HIV-infected individuals and researchers have trekked the long and arduous road in their never-ending search for an HIV vaccine. As of today, no vaccine has been developed which could stop a person to get infected with HIV, the deadly virus that eventually progresses to AIDS. There have been varying levels of success that has been gained from the different methods used by researchers to develop an HIV vaccine that will successfully work. Developing an effective vaccine against the HIV virus has proven to be hard as its characteristic is very different from that of other viruses. The HIV virus’ capability to quickly adjust to medications is the reason why four kinds of drugs are given to patients to fight the virus.
The vaccines that have been successfully developed and used today to fight other viruses were patented after the gained natural immunity from an infection. A virus, like the flu virus, cannot re-infect an individual that has been infected and cured of it. In the case of AIDS, developing a vaccine from immunity is not possible since no infected individual has been cured of the infection. A large number of available vaccines sold in the market usually consist of either dead or live attenuated organisms. These vaccines have no effect with HIV as using a retrovirus that is alive or dead has no antigens to combat it, notwithstanding the fact that it could even lead to serious health complications as well.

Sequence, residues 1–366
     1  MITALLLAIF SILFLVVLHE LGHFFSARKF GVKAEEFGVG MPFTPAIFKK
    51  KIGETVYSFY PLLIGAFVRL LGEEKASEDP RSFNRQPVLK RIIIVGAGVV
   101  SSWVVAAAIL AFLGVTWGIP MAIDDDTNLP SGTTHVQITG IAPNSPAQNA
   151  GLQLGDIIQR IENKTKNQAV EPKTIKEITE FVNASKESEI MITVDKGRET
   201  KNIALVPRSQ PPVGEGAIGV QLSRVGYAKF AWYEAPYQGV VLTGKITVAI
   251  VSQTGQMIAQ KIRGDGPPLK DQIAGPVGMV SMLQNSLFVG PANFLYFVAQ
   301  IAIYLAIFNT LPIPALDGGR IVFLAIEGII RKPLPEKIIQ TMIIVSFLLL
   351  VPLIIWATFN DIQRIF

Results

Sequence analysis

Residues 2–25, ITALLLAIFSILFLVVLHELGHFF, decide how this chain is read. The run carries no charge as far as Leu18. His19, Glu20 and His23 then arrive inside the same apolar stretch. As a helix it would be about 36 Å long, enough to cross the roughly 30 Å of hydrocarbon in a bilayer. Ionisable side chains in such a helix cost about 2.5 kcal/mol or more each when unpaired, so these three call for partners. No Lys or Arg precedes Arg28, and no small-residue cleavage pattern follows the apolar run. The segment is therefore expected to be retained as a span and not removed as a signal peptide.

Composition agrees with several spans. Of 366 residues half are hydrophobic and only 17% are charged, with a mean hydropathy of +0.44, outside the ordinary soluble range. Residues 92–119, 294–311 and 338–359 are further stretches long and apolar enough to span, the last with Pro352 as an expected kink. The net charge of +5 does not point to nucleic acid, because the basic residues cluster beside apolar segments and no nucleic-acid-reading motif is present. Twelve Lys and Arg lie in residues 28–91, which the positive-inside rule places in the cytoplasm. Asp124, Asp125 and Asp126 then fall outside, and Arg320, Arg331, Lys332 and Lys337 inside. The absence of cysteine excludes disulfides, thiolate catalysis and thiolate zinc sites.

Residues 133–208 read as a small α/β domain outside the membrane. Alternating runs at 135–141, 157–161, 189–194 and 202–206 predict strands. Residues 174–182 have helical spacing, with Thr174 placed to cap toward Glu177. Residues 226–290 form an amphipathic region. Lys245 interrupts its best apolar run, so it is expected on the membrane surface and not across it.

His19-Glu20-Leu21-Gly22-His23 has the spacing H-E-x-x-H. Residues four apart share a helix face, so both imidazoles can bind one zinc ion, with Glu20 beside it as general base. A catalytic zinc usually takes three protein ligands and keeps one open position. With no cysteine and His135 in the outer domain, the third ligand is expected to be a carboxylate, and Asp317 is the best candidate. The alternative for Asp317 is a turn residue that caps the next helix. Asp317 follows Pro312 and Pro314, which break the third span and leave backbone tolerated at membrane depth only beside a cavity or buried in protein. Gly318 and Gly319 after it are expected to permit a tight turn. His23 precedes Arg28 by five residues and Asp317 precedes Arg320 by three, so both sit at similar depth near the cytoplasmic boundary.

On the upside, great progress has been made in the last couple of years’ search for an HIV vaccine. A mosaic vaccine developed at the Los Alamos National Laboratory by their researchers believe that the vaccine can help the immune system of a human body respond to HIV despite its capability to replicate. Tests done to lab animals such as mice and monkeys show the vaccine to highly increase the responses of their immune system. Human trials using this vaccine are next planned by the researchers which gained inspiration from the donations coming in from various foundations.
Another vaccine has been developed by the Maryland School of Medicine. The developed vaccine shows an increased production of powerful antibodies to combat the different species of HIV. The safe use of the vaccine for human consumption and its capability to get a response from an individual’s immune system are the focus of the researchers in their evaluation for this newly developed vaccine. If the study is funded properly, the search for an HIV vaccine may finally become successful in the forthcoming years. For the last 20 years, scientists and researchers have done all they could to understand and fight the virus which conveys a message of hope coming in from top experts of this particular field which could bring about the eradication of this traitorous and deadly disease.
In the meantime, vigilance from each and everyone could help contain the infection from spreading further. Safe sex practices have to be followed and made a part of every sexual activity in order for the HIV infection to be stopped.
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